Expert judgement may also be utilised outside a formal Delphi framework. Here, one or more experts make judgements as to the values of specific distributional parameters for a number of sources. Horie [50] uses graphical techniques to estimate confidence limits once upper and lower limits of emissions have been elicited, but any one of a number of techniques have been conceived, ranging from the relatively simplistic to the highly structured.

Most of these methods require the assumptions of independence of the emission factors and the activity rates. Also, the methods make the implicit assumption that emissions data are normally (or lognormally) distributed. An important consequence of the violation of any of these basic assumptions is that the uncertainty estimates that result are typically biased low.

On the positive side, however, a strength of these methods is their relatively low implementation cost when compared with the next two methods in this section.

A1.3.2 Propagation of Error Method

Using widely accepted methodologies [51] it is possible in many cases to predict the manner in which uncertainties (here interpreted as 'errors') would be propagated during the arithmetical operations inherent in calculating the inventories of greenhouse gases. In this way the joint action of a number of individual factors, each with its own uncertainty, can be evaluated. The method presumes that information is available, or at least some measure of agreement can be reached, on the pdfs of individual parameters. As was made clear earlier, this will represent a significant restriction on its use.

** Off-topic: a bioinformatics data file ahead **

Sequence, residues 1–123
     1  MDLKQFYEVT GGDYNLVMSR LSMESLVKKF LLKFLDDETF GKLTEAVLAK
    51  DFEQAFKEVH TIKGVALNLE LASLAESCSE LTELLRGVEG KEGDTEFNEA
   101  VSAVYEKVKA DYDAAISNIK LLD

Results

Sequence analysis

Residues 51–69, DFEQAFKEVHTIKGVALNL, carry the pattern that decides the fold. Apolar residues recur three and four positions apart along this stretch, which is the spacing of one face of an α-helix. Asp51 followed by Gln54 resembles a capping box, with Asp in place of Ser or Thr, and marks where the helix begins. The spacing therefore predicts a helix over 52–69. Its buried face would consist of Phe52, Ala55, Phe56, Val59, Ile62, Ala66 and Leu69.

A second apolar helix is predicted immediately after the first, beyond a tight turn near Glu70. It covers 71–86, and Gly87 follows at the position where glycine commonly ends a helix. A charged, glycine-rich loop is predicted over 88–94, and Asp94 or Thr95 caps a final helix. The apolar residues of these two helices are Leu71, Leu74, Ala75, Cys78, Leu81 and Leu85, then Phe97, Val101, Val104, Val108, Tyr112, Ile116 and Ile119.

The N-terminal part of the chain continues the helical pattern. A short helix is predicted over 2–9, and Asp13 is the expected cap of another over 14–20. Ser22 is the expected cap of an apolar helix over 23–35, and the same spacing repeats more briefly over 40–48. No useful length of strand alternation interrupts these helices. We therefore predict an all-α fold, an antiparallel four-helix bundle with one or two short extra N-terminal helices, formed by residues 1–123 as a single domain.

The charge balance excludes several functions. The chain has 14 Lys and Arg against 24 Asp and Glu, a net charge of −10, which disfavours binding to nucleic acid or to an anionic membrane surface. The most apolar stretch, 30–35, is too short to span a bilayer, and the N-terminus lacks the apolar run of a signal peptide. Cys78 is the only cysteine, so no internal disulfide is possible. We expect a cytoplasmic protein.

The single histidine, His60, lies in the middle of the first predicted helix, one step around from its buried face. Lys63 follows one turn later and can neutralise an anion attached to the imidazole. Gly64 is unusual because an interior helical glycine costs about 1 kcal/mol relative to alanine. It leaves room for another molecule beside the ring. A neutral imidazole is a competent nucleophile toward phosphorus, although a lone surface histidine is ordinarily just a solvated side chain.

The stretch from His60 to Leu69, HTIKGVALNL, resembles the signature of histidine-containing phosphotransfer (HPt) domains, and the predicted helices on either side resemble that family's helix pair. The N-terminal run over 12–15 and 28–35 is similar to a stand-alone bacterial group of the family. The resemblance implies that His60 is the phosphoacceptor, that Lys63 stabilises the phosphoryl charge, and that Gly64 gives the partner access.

The propagation methods are based upon the following assumptions:

One method of error propagation involves representing the equation describing the variance of a series of products in the form of a Taylor's series [52]. In this case the assumption of independence allows the variance of multiplicative products to be expressed in terms of the individual variances. There is general agreement that the uncertainty evaluated using this method is underestimated because of the necessary assumption of the independence of the input parameters.

Another method, advocated by the IPCC [53], involves combining uncertainty ranges for the emission factors and activity rates using a standard algorithm. Assuming that the uncertainty ranges correspond to the 95 percent confidence interval of a normal distribution, the method may be used where the individual uncertainty ranges do not exceed
±60% of the respective best estimates. The uncertainty in each component is first established using a classical statistical analysis, probabilistic modelling (see next sub-section), or the formal expert assessment methods outlined earlier. Hence the appropriate measure of the overall percentage uncertainty in the emissions estimate, UT, would be given be the square root of the sum of the squares of the percentage uncertainties associated with the emission factor (UE) and the activity rate (UA). For each source category, therefore: